Lingering aka Hotel Lake (Shudder) review – sumptuous atmosphere, rather than bloody revenge

By Alix Turner
Published: November 9, 2020 (Last updated: 2 weeks ago)
Lingering aka Hotel Lake (Shudder) review - sumptuous atmosphere, rather than bloody revenge


South Korean horror about a disjointed family in a spooky hotel. Beautifully atmospheric, but with a plot that wasn’t entirely cohesive.

If I start off by saying Lingering (known as Hotel Lake in most countries) is a South Korean horror, this is either going to excite you or put you off. This isn’t to say such films are all of a similar type – far from it – but it’s almost like cuisine: if I say I really enjoy Indian or Mexican food, that doesn’t mean I’m not aware of variation, or I don’t have preferred styles or restaurants. Similarly, just as some people are wary of Indian food (for example) because the first curry they tried was too strong for them, there are those who don’t watch Korean films because their first exposure was too intense or bloody.

Lingering, written and directed by Yoon Een-Kyoung, is not one of those “extreme” films. Rather, it is atmospheric and gorgeous to look at, while dealing with family angst and secret fears. There certainly is some intensity about the people and their history, but it is a subtle, slow-burning one (until it is not).

The central character is Yoo-mi (Se-yeong Lee) a young woman who needs a job but instead finds herself lumbered with a young sister, Yoon Ji-yoo (So-yi Park). The poor kid has never quite settled into foster care since their mother killed herself a few years earlier, and so it’s big sister’s turn to step up. Acknowledging that this isn’t exactly going to be viable until she has work, Yoo-mi takes the child to Gyeong-seon (Ji-Young Park), who the girls call “Auntie”, a friend of their late mother’s who runs a hotel, despite an ominous incident on the journey. Weird occurrences in the virtually empty hotel and nearby make Yoo-mi very uneasy, not to mention the ramblings of the tipsy maid Ye-rin (Park Hyo-joo), and she starts to look into places she shouldn’t.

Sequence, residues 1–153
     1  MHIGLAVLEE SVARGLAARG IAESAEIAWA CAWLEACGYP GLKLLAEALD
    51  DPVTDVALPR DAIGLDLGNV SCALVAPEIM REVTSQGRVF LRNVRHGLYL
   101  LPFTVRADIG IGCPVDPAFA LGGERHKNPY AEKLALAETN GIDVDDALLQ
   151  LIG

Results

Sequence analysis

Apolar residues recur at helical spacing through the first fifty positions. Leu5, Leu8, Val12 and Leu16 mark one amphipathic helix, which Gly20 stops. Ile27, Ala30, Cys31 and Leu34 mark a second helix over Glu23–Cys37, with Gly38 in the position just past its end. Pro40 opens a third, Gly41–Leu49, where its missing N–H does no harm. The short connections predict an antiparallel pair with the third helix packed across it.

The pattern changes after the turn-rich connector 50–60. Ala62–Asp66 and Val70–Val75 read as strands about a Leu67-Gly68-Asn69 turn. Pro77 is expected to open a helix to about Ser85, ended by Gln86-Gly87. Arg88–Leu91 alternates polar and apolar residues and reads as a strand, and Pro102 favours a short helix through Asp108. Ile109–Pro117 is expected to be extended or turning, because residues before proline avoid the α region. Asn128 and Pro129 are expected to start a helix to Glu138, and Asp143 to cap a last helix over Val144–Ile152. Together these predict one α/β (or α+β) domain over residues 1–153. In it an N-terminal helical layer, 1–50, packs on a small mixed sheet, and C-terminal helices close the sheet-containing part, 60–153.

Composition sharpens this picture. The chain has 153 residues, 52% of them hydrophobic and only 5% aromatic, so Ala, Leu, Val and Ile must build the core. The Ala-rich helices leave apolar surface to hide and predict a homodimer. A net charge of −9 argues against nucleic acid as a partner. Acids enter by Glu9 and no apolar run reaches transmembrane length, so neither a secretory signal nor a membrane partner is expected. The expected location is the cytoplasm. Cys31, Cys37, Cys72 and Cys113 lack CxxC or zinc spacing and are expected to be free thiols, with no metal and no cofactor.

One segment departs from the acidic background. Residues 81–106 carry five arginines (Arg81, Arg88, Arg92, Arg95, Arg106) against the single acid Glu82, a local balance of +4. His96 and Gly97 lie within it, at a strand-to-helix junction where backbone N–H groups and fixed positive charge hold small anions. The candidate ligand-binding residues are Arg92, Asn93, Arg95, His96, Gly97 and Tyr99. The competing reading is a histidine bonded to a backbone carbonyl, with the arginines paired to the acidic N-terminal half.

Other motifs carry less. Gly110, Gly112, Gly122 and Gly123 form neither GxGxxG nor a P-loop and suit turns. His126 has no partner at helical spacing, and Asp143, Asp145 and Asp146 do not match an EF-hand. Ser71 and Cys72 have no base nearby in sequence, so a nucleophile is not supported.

The hotel – or at least its public areas – is beautiful, and Hyeong-bin Lee’s cinematography complements that all the way, especially with overhead shots and neat use of reflections. (Now if only I didn’t cite those as well-applied techniques so often: they’re beginning to become predictable.) The key problem with Lingering is that the plot just doesn’t live up to the film’s stylish appearance. It was essentially a series of episodes of Yoo-mi either being freaked out by something or investigating what had freaked her out, on her own or with a new acquaintance; but too often, these episodes didn’t tie together, or I just couldn’t tell what the latest subject of interest had to do with her at all.

Lingering is beautifully put together, but as it’s largely populated by highly-strung women and standard horror tropes, that might not be enough to keep you watching to the end… but you’ll need to if you want to see any blood.

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